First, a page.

About Lawrence University
Founded in 1847, Lawrence University uniquely integrates a college of liberal arts and sciences with a nationally recognized conservatory of music, both devoted exclusively to undergraduate education. It was selected for inclusion in the Fiske Guide to Colleges 2013 and the book “Colleges That Change Lives: 40 Schools That Will Change the Way You Think About College.” Individualized learning, the development of multiple interests and community engagement are central to the Lawrence experience. Lawrence draws its 1,500 students from nearly every state and more than 50 countries. Follow Lawrence on Facebook.

Retiring Faculty Becker, Blackwell and Ternes Honored at June 10 Lawrence University Commencement

David Becker’s “fans” said their goodbye May 26 by way of an extended standing ovation after Lawrence University’s director of orchestral studies conducted the Lawrence Symphony Orchestra in concert for the final time.

The college says its farewell to the talented maestro Sunday, June 10 at its 163rd commencement in the form of an honorary degree.

Becker, along with Associate Professor of Chemistry Mary Blackwell and Professor of German Hans Ternes — and their collective 78 years of teaching experience — will be recognized as retiring faculty with professor emeritus status and presented honorary master of arts degrees, ad eundem, as part of the graduation ceremonies that begin at 10:30 a.m. on the Main Hall green. Blackwell and Ternes will be honored in absentia.

Director of Orchestral Studies David Becker

Becker spent 11 years conducting the Lawrence Symphony Orchestra in two separate stints — early in his career (1976-80) and late, returning in 2005 after 21 years as director of orchestras and professor of the graduate orchestral conducting program at the University of Wisconsin-Madison.

He credits distinguished faculty colleagues, outstanding students and a supportive administration for luring him back to Lawrence.

“I believe in the quality and integrity of this institution and I sincerely have been proud to be part of it for a second time around,” said Becker, who was recognized with Lawrence’s Award for Excellence in Teaching at the college’s 2010 commencement.

Like all exceptional teachers, Becker left a profound imprint on his students.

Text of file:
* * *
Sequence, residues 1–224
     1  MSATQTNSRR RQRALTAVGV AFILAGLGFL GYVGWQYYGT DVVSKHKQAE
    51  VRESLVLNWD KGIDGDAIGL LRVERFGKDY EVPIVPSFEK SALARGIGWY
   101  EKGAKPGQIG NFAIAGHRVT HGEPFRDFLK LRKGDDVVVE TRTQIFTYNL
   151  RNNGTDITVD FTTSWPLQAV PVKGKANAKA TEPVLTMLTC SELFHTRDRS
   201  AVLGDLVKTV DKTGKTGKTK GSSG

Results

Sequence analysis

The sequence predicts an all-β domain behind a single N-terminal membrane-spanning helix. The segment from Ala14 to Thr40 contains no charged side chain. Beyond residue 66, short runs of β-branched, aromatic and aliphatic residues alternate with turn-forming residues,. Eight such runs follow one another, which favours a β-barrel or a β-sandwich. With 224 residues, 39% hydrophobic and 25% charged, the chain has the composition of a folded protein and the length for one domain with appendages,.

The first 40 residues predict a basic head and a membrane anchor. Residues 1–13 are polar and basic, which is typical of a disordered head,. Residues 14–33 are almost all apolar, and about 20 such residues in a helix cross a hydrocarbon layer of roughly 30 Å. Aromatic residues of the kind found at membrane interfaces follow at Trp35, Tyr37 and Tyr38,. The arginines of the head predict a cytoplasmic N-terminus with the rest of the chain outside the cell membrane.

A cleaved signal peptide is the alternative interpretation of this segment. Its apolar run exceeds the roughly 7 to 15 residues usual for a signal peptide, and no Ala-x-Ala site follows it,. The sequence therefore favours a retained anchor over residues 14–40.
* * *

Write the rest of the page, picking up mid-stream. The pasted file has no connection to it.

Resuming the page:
“Professor Becker has been the core of my Lawrence experience for the past five years,” said graduating senior Louis Steptoe, a violinist in the orchestra. “I have known him to be a man of surpassing integrity, respect, empathy and a true and tireless servant of the orchestra. Over the years I have seen his teaching continue to adapt, yet his commitment to his students and their professional education has never wavered.”

A “gift to Lawrence”

Fred Sturm ’73, director of jazz studies, hailed Becker as “a rare combination of true gentleman, loyal friend, committed colleague, inspirational mentor and world class musician.”

“The performances and projects I’ve shared with him stand among my most cherished Lawrence memories,” said Sturm. “Dave’s a giant — in both physical stature and artistry — and he’s been a great gift to Lawrence.”

Fellow conductor Andy Mast, who directs the Lawrence Wind Ensemble and Symphonic Band, said Becker’s “professional excellence, pedagogical mastery and personal graciousness have made Lawrence University a better place to teach and make music.”

While he may be retiring from Lawrence, his baton won’t be collecting dust anytime soon. His immediate future includes a bevy of guest conducting gigs, among them the Madison Symphony Orchestra, the NAfME All-National Honors Orchestra at the Kennedy Center in Washington, D.C., the University of Wisconsin music clinic honors orchestra, as well as all-state honors orchestras in South Carolina and New York.

A ChemLinks Coalition Pioneer

Associate Professor of Chemistry Mary Blackwell

Blackwell came to Lawrence in 1989 with a strong background in physical and biophysical chemistry, having previously worked for the U.S. Department of Agriculture at the University of Illinois and as U.S. National Institutes of Health Fellow at London’s Imperial College.

One of the immediate impacts upon her arrival was a significant step up in research activity, supported in part by several grants she received for important new instruments.